19. Oh, I'm thinking of your friend and hoping she makes it at least a little longer. I went into the hospital at 30 1/2 weeks and didn't leave my bed until my daughter was born via emergency c-section at 32 weeks. She then spent 4 weeks in the NICU and the next 5 months at home on a cardio/respiratory monitor. Based on my experience both as patient and then parent during that time is to be pushy! I wasn't, I was scared and I trusted the medical staff and I felt like I didn't know what the heck I was doing. Ask tons of questions, from more than 1 person! Some of the nurses I dealt with were wonderful and helpful and others weren't. No one told me that I should have started pumping breast milk immediately and I was too doped up and wiped out to even think to ask. Fortunately, I didn't end up having any problems with pumping or nursing, but I was ticked that 24 hours later a nurse was tsk tsking me that I hadn't already started pumping. Same issues go with NICU staff. I was told with VERY little notice that my daughter would need a blood transfusion. Turns out they'd been suspecting it would be needed for at least a day, but hadn't bothered to tell us anything. Later than nonchalantly told us that many, many NICU babies need transfusion -- would have been nice to know! Also, the doctors in the NICU NEVER adequately warned us or discussed with us that we'd be going home with a monitor and when they did it was conveyed as something that was pretty minor and wouldn't likely be needed for very long. About a week and a half after we brought her home, at our first appt with the cardiologist I was almost immediately told she'd probably be on it for 6 months. Also, I suggest asking about trying to breastfeed asap and kangaroo care. My daughter actually did much better breastfeeding than she did with bottles (in terms of sucking/swallowing/breathing without turning blue!). I don't mean to make it sound so horrible, in fact, we were fortunate and our daughter is a perfectly healthy 6 year old now. In fact, once we brought her home (except for the annoyance of the monitor) she was a very healthy and easy baby. But hospitals and I think NICUs in particular can be both scary and intimidating, especially as a first time parent who doesn't know much about taking care of a health baby, much less one that is in the hospital and needs special care. I'll be thinking of your friend. It's been awhile, but I'm happy to answer any questions to just "chat" if you or your friend is interested. Just let me know via my blog and I'll send you my email.

  20. Bean has some good advice.

    I had a 25 wkr due to pre-e/HELLP after my 4th IVF cycle. Although 28and 25 weeks sounds pretty close in time, those few weeks mean A LOT.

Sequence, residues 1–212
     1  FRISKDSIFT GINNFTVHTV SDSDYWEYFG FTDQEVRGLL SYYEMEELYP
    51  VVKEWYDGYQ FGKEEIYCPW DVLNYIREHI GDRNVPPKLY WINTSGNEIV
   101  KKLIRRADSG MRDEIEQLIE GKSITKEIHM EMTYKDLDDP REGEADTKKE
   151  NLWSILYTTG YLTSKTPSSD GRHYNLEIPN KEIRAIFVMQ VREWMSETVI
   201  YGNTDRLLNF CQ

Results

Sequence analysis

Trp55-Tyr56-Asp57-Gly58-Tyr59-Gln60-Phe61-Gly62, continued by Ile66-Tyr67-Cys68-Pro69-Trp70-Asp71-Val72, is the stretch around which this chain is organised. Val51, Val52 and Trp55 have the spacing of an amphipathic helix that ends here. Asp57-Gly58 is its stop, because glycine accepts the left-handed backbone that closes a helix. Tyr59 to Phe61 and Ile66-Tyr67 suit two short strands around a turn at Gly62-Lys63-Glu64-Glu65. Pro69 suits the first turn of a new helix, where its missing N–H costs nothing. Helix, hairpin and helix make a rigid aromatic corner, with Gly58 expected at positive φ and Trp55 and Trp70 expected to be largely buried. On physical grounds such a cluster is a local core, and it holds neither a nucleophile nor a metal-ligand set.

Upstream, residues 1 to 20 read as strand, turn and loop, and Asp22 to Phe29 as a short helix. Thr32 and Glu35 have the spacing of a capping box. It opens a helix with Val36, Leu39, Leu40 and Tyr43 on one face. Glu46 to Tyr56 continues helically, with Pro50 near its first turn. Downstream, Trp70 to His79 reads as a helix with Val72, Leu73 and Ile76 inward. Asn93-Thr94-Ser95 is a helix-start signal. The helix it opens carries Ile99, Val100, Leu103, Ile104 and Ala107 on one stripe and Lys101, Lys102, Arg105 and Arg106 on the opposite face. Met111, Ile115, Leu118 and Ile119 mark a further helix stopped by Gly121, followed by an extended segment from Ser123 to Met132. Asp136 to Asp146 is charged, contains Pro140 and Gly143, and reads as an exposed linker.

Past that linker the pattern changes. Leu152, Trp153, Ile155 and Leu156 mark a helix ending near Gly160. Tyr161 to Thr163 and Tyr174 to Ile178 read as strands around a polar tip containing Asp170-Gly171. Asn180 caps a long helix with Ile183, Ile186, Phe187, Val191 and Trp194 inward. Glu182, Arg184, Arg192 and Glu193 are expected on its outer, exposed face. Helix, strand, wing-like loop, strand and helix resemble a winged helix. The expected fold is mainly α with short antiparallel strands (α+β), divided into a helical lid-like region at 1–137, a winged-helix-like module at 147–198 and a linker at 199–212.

A couple random thoughts from a random stranger:

    as bean said, she should begin pumping asap to sustain her milk supply. breastmilk is very good for a preemie's immature gut, plus being a NICU momma, you feel very helpless, and this is one thing that she alone can do for her girl.

    also repeating, kangaroo care, this is huge. I was afraid to touch my son at first, afraid to pass on any germs, but preemies thrive with skin to skin contact with mom (and dad). unfortunately preemies have lots of "bad" contact with the nurses, heels sticks, ivs, transfusions, you name it. it is important that mom provide a loving touch. I also would ask to hold my son during his feeds (which, if they are born too early, will be by ng tube through the nose or mouth and into the stomach) and, once he reached 32 wks and his suck had developed, I would give him a pacifier to suck on, that way he would associate sucking and being held by mom with feeling full. I don't know if it helped, but many preemies have feeding difficulties and my son never has.

    Okay, sorry to ramble. Hopefully your friend won't need any of this advice!

  21. Thank you guys for all of your comments. R is still holding steady.

    Bunny, I appreciate your offer to help since you are in Boston - that is very generous! I think R. has enough people locally to help her but that is very, very kind.

    Trish, thanks for the primer on preemies. I will pass it along.

    Aaryn, thanks for the blog link. Will send it to R. I checked it out too. Very helpful.

    Thalia, Julie's post was the best - thanks! I read this to R (she's currently computerless) and it helped her to start to wrap her head around what's likely ahead. I'm a big fan of Julie's. Thanks also for the bf tips. I bought R a book on this but will keep recommending she get a pump and speak to a LC as soon as she delivers.

    Geohde, that must have been scary - but your story will be helpful to R. Thank you for sharing. hopefully she can hold out for several more weeks.

    Bean, thank you for your long and helpful post. I will share all of this with R.

    Erin - wow. That must have been such a scary time. thanks for sharing your perspective. i will definitely speak to R about kangaroo care. I know they have already talked to her about it at BWH.

  22. I hope R is doing okay. It is such a difficult thing to fear for your child and especially when it has been such a rough road to get there. I went into the hospital at 29 weeks and by far the most common comment I got from nurses and doctors was that at least we were past the 28 week mark. So hopefully your friend can find a little comfort in that she made it to 28 weeks before this happened. Like others have said, the steroid shots are good.

    One thing that actually helped me once I got past the fear of it all, was getting a tour of the NICU at our hospital and talking to the nurses there. They were so good about answering questions I didn't even think to ask and I walked away feeling so reassured that even if we couldn't keep the babies from being born, they would have the best of care in a warm and nurturing environment.

    My thoughts are with R.